This ongoing reduction can only be achieved through structural and systemic change. Covid-19 recovery plans can play a key role in driving this change, advancing economic and climate goals.
The 5th anniversary of COP 21 falls on 12 December 2020, what can we celebrate? What did we achieve?
2020 is the 5th anniversary of COP 21 and the year for all countries who have ratified the agreement to communicate their new or updated NDCs – Nationally Determined Contributions - and long-term strategies.
According to Climate Watch – NDC Carbon tracker – today, 23 of the 125 countries who have stated their ambition to enhance their pledges in 2020, have submitted a new or updated NDC. Singapore submitted an updated NDC on 31st of March 2020, committing to peak emissions at 65Mt CO2e around 2030 and to cut absolute emissions by 50% by 2050.
With the delay of the COP 26 and the Covid-19 pandemic, some countries have communicated that they will update their NDC in 2021 instead of 2020.
With the current announcements of net zero targets by 2050, the Paris agreement 2050 goals are becoming within reach. But targets are easier to define than the roadmap to meet them. Earth is getting very close to 1.5ºC of global warming, ambitious short-term targets must be set and met if we want to meet longer-term goals.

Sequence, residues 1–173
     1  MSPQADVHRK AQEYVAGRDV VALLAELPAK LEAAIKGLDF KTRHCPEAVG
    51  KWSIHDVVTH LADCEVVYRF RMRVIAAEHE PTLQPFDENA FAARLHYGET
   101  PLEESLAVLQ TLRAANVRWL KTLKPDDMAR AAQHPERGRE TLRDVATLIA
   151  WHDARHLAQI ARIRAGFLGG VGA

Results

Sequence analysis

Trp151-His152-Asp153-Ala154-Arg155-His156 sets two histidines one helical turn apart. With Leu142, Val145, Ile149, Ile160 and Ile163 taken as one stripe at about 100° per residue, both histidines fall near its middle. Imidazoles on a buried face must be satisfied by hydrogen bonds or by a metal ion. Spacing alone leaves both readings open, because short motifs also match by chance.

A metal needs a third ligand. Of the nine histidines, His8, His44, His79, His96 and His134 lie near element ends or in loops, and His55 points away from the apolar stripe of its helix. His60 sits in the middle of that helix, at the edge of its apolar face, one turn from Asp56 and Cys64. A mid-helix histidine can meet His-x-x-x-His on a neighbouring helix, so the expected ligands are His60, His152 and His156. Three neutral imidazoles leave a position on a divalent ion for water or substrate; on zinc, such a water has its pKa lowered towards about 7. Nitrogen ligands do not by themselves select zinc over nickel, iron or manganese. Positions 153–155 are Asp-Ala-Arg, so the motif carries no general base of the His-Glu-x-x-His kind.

It’s time to walk the talk! Each one of us, as citizens and as professionals, can play a part in driving the systemic change required to keep us in a well below +2ºC world.
What does this mean for my organisation?
What is important to understand is that we will all be impacted by climate change, and that we all have an impact on climate change, as individuals, organisations, communities, cities, and countries.
As an organization, the negative impact on climate change can be measured with a carbon footprint. Carbon footprinting is the exercise of quantifying and analysing the organisation’s GHG emissions for all operations and activities. This exercise will identify the sources of emissions and the opportunities to reduce them.
The negative impact climate change will have on an organization can be assessed through a climate risk assessment. This exercise will allow to identify and quantify three types of risks:
The positive impact climate change will have on an organization can be assessed through the identification of opportunities that arise from it, and from the actions taken to mitigate the climate crisis. These opportunities include new market opportunities, business model resilience, competitive advantage and cost savings.
Where should I start?